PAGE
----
Assessment Challenges

What are some challenges faced in assessing heritage language learners?

Even if you understand why assessing heritage language learners is important, there are many challenges involved in the process. We’ve identified a few obstacles that you may experience:

Finding appropriate assessments to use across a diverse student population

  • There may be a wide range of proficiency levels, language varieties, and linguistic and/or cultural backgrounds in a single classroom. Teachers may also find themselves working with a small number of HLLs in a mixed classroom designed for second language learners, which will lead to even greater diversity among your students. This makes finding appropriate assessments a difficult task.
  • If there isn’t a single assessment that works well for all students in a classroom, teachers are encouraged to individualize and personalize assessment practices to best meet the needs of each student and their own goals or objectives.

Professional development

  • There are very limited opportunities for training and professional development related to HLLs, and many educators working with this population may not be familiar with their needs or proficiency profiles. If teachers do not understand their students, they cannot appropriately and effectively assess their abilities.
  • Teachers working with HLLs can advocate for further staff training opportunities, and they can also take advantage of free research publications and resources provided by one of the professional organizations mentioned in the Online Resources section of this module. 

Advocacy and support

  • As the field of heritage language education is still relatively new, teachers may find that there is limited support or understanding from the community or school administration. Sometimes, teachers will need this support to implement new assessment practices, so any limitations in this area may keep them from assessing students in the most appropriate and effective way.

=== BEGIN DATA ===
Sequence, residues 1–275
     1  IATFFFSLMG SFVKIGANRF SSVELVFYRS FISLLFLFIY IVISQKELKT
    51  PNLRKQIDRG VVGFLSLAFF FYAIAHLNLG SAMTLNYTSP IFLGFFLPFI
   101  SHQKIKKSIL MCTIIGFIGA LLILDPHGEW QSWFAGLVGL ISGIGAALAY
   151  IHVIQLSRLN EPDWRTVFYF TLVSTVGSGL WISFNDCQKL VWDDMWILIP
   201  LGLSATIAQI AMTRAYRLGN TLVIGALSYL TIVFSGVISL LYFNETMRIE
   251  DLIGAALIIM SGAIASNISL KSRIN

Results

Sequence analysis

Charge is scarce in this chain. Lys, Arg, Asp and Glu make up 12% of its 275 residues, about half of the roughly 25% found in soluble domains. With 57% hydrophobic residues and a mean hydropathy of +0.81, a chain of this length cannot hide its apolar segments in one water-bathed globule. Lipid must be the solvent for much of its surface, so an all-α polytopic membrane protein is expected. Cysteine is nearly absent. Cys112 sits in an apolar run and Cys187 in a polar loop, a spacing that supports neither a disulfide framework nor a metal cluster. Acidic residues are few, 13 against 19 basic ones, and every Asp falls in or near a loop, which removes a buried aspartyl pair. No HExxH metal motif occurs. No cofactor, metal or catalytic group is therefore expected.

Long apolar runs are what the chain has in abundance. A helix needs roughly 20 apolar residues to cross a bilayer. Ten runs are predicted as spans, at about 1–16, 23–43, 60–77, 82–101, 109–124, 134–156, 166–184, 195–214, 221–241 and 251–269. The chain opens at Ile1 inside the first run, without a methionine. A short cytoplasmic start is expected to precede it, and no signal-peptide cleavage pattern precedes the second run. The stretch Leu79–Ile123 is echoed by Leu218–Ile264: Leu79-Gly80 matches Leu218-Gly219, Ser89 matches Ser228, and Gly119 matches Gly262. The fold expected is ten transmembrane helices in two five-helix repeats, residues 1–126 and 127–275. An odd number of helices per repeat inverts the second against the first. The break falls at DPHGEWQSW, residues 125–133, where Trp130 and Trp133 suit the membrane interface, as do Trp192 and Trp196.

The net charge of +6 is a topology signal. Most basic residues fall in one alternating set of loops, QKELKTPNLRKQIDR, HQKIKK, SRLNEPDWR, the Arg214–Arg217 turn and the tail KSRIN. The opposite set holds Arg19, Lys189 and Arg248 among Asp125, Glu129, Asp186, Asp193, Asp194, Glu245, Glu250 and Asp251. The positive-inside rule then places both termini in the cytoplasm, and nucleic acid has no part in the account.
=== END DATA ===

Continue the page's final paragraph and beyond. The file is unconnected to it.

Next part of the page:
• Teachers can encourage colleagues to learn more about this population of learners, and evidence gathered from classroom activities and assessments may provide evidence that can be used to advocate for HLLs and their needs.

Materials and resources

  • There are few resources developed specifically for heritage learners, including textbooks, assessments, standards, performance descriptors, and other authentic materials for classroom use. To best support HL students, teachers may have to develop their own resources, which can be both time-consuming and expensive.
  • Teachers may find it helpful to build a working group or professional learning community with other educators who work with HLLs, as this type of collaboration can support resource development and help form a shared understanding of what works well with this population of learners.

In the absence of heritage-specific assessment materials and frameworks, research has closely examined the use of world language proficiency guidelines for the purpose of assessing heritage speakers, resulting in a number of conflicting viewpoints and lengthy discussion. Those in favor of using traditional world language guidelines advocate that the focus on functionality, rather than native-like proficiency, would make the guidelines applicable for a heritage context. However, others argue that existing proficiency scales may not be useful when working with HLLs, as they may not be tailored to their needs and learner profiles. This can be a challenge because many existing assessment tools are based on these frameworks and scales. 

A strong understanding of the basic principles of assessment, HLL characteristics and considerations, and the needs of your students and classroom will help you make an informed decision about whether or not these guidelines are appropriate for your context, or what adaptations may be necessary.